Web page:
Estate planning can be further complicated if you have a spouse or partner. Because even if you and your spouse have agreed on most major issues in the past — such as child rearing, where to live, and other lifestyle choices — you shouldn’t automatically assume that you’ll both be on the same page when it comes to making estate planning decisions.
A worst-case scenario is when one spouse moves forward with their estate plan without the knowledge or approval of the other, to the eventual detriment of the family. Thus, it’s critical for both spouses to clearly communicate their estate planning goals to each other.
Where To Begin?
Start with the basic premise that state law generally governs estate matters. Therefore, state law determines if your property is community property, separate property, or tenancy by the entirety. For instance, California is a community property state. That means half of what a resident owns is their spouse’s property and vice versa. There’s no circumventing this law when planning for a joint estate.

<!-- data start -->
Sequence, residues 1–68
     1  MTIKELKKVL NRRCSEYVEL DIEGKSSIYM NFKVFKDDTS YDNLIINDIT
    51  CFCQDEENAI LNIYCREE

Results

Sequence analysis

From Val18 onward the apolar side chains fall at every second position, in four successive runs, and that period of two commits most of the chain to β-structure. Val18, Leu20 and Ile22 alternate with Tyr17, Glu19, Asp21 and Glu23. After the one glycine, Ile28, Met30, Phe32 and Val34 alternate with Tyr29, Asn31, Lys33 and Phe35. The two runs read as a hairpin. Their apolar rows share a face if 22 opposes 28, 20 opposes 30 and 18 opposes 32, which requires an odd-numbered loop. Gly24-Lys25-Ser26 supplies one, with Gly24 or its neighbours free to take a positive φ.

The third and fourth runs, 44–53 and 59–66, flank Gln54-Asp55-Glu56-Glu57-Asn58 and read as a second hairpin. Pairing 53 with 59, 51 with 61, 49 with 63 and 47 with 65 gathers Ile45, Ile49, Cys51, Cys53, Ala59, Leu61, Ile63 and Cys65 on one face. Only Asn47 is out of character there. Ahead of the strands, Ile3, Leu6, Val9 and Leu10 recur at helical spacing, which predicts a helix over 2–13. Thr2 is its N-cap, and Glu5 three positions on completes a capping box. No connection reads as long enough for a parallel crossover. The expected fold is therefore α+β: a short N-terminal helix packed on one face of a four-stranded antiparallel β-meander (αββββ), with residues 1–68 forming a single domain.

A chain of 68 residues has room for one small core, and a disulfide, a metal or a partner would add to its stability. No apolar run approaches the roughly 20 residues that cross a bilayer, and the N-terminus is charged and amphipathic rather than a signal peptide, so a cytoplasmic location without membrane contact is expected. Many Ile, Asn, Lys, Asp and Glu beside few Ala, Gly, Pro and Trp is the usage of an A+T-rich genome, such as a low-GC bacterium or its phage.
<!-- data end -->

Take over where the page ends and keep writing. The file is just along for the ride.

Next, consider your family’s dynamics. Emotions can run high, and tensions may result, for example, if a family includes children from a prior marriage. If these issues aren’t addressed beforehand, it could lead to legal squabbles.
Don’t forget about the tax implications. Currently, married couples can take advantage of a record-high federal gift and estate tax exemption that shelters most estates from tax. However, if you and your spouse are high earners (or otherwise have large estates) work with professionals to help ensure that you incorporate estate tax reduction techniques into your coordinated plans.
Finally, decide together on distributions of assets to designated beneficiaries. You may intend, for example, for expensive jewelry to go to one child, but your spouse might have other ideas.
Keep Lines Of Communication Open
Indeed, clear communication is essential for married couples when developing estate plans. We can help ensure that you and your spouse have plans that work in harmony.